Figure 2: Hospitalisation cases and deaths due to other unintentional injury, by age group and sex, 2017–18

The visualisation features 2 matching column graphs on separate tabs, 1 for hospitalisation cases and 1 for deaths. The columns represent sex within 6 life-stage age groups. The reader can select to display either age-specific rate per 100,000 population or number. The default displays males and females and the reader can also select to display persons.

For more detailed data, see Data tables A1–3 and D1–3.

How severe are hospitalised injuries due to other unintentional causes?

Three measures that may indicate the severity of a hospitalised injury are length of stay, percentage of cases with time in an intensive care unit (ICU), and percentage of cases involving continuous ventilator support.

The average duration of a hospital stay for other unintentional injuries was shorter than the overall average length of stay for all hospitalised injuries, and the percentages of cases that included time in an ICU or involved continuous ventilator support were lower than the overall percentage for hospitalised injuries (Table 2).

Table 2: Severity of other unintentional injury hospitalisation cases, 2017–18

 

Other unintentional injury

All hospitalised injuries

Average number of days in hospital

2.0

3.3

% of cases with time in an ICU

0.7

2.4

% of cases involving continuous ventilator support

0.2

1.2

Note: Average number of days in hospital (length of stay) includes admissions that are transfers from 1 hospital to another or transfers from 1 admitted care type to another within the same hospital, except where care involves rehabilitation procedures.

Source: AIHW National Hospital Morbidity Database.

Which types of injury are sustained?

In 2017–18, the hip and leg (not including ankle and foot) was the body part most frequently injured in other unintentional injury hospitalisation cases, although this varied by cause of injury (Figure 3).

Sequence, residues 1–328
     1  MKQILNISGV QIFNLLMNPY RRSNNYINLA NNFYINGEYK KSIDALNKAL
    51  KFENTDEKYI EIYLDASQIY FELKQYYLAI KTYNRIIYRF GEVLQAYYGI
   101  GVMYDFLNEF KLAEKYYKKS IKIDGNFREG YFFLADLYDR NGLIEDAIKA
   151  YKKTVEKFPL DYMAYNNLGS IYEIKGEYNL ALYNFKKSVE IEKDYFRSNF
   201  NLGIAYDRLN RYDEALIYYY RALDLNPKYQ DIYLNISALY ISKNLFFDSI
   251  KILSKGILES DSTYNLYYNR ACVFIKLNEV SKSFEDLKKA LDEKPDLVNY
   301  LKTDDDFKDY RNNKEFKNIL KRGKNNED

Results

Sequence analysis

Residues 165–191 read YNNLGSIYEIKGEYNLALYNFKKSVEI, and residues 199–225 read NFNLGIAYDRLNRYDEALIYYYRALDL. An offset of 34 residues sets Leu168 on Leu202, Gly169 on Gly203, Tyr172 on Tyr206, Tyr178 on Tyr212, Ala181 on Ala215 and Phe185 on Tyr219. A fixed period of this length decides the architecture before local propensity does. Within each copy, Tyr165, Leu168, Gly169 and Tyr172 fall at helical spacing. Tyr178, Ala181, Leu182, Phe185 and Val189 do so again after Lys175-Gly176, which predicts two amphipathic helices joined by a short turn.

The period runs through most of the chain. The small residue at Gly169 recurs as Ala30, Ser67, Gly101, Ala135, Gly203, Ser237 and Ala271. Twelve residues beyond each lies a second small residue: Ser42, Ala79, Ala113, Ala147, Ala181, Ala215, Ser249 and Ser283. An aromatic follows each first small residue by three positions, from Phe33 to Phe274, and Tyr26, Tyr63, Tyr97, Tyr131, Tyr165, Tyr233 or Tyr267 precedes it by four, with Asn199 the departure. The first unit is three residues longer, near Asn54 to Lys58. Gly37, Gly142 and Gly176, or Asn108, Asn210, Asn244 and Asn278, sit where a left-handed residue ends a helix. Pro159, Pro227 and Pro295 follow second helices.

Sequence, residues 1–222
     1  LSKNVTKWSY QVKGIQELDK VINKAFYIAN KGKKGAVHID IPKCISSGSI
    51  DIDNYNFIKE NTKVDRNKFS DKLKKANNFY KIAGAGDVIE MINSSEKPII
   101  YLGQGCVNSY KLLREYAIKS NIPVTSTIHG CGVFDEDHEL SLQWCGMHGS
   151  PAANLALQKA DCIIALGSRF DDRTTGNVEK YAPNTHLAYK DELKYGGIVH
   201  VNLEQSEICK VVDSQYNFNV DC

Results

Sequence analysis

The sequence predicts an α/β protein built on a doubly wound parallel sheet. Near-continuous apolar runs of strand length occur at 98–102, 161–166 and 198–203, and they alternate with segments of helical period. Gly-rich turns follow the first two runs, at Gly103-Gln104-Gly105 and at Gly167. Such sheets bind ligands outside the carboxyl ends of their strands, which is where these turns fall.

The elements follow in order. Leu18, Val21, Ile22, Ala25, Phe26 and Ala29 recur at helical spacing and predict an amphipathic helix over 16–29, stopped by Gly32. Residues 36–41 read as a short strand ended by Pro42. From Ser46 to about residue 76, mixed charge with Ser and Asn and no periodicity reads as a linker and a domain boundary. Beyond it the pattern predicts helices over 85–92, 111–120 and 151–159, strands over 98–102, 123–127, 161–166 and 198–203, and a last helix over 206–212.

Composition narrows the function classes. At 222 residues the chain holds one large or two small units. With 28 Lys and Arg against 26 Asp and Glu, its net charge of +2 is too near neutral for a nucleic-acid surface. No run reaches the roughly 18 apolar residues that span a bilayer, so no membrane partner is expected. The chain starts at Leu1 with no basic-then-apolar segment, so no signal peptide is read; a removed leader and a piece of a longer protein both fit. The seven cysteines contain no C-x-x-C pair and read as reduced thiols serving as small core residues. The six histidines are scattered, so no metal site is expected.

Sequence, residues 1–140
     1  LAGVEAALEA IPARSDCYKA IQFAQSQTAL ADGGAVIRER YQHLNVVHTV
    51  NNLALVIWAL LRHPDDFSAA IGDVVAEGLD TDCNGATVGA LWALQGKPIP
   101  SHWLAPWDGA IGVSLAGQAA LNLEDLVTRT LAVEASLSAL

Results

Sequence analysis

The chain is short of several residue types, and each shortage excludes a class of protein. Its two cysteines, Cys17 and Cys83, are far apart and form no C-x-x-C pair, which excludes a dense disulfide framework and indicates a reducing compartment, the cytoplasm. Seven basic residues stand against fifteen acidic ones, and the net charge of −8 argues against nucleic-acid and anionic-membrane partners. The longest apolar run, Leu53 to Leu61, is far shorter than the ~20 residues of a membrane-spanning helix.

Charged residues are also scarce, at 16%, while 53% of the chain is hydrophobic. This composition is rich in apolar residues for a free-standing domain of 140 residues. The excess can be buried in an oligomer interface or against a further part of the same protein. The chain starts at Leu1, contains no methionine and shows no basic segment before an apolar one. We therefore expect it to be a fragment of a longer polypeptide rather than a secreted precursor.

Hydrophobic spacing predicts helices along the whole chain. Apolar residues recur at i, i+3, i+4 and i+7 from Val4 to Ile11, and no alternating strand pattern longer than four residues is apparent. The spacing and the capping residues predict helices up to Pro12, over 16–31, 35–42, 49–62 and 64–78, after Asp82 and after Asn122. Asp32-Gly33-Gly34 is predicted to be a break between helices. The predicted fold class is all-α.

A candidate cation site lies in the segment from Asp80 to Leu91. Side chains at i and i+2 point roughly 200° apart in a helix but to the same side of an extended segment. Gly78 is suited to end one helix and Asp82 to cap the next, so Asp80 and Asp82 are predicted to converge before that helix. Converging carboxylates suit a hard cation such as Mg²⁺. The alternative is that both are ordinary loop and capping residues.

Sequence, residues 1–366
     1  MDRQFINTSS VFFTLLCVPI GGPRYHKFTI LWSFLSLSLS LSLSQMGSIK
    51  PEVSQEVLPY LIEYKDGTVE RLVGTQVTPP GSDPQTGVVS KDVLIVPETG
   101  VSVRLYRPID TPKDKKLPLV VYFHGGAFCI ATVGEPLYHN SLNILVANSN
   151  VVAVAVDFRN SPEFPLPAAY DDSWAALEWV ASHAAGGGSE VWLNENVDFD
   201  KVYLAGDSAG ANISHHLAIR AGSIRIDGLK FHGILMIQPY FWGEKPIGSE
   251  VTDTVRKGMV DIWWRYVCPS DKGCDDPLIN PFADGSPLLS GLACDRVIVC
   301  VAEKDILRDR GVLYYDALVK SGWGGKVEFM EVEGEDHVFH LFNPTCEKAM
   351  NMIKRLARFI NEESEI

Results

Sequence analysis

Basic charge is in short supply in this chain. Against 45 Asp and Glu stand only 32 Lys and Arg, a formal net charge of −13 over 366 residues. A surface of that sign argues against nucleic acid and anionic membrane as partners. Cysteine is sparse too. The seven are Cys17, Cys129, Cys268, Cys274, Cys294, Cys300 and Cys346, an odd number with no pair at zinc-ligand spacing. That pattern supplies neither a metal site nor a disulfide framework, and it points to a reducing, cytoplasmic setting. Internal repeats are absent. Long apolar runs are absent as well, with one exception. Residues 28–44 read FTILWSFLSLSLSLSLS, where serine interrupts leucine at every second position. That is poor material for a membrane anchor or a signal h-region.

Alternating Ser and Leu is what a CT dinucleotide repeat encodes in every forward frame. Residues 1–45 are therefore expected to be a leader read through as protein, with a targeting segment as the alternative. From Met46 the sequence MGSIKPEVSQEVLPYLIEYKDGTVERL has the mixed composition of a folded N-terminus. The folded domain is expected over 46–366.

Figure 3: Hospitalisation cases due to other unintentional injury, by body part injured, 2017–18

The visualisation features an outline of a person with labels for body parts accounting for hospitalisations due to other unintentional injury. Injuries to the hip and lower limb (excluding ankle and foot) accounted for the most hospitalisations due to other injuries while the ankle and foot accounted for the fewest.

Note: Body part refers to the principal reason for hospitalisation. Number and percentage of injuries classified as Other, multiple and incompletely specified body regions or Injuries not described in terms of body region not shown—see Data table A11.

Source: AIHW National Hospital Morbidity Database.

For more detailed data, see Data table A11.

Soft-tissue injuries were the most common type of injury for people who were hospitalised due to other unintentional injury (Figure 4).

Figure 4: Hospitalised injury cases due to other unintentional injury, by type of injury, by sex, 2017–18

Bar graph showing type of injury sustained by category and by sex. Soft-tissue injury was the most common for males, while fracture was for females. The reader can select to display either the crude rate per 100,000 population or the number of cases. The default display shows data for males and females, and the reader can also select to display for persons.

For more detailed data, see Data table A12.

Aboriginal and Torres Strait Islander people

In 2017–18, among Aboriginal and Torres Strait Islander people:

  • there were almost 2,300 hospitalisations and 35 deaths due to other unintentional causes (Tables 3 and 4)
  • males, compared with females, were 1.5 times as likely to be hospitalised due to other unintentional causes
  • hospitalisation rates were higher among people aged 25–44, compared with other life-stage age groups (Figure 5).
Table 3: Number and rate of hospitalisation cases due to other unintentional causes by sex, Indigenous Australians, 2017–18

 

Males

Females

Persons

Number

1,393

887

2,280

Rate (per 100,000)

339

216

277

Note: Rates are crude per 100,000 population.

Source: AIHW National Hospital Morbidity Database; AIHW National Mortality Database.

Table 4: Number and rate of deaths due to other unintentional causes by sex, Indigenous Australians, 2017–18

 

Males

Females

Persons

Number

23

12

35

Rate (per 100,000)

6.3

3.3

4.8

Notes:

  1. Rates are crude per 100,000 population.
  2. Deaths data only includes data for New South Wales, Queensland, Western Australia, South Australia, and the Northern Territory.

Source: AIHW National Hospital Morbidity Database; AIHW National Mortality Database.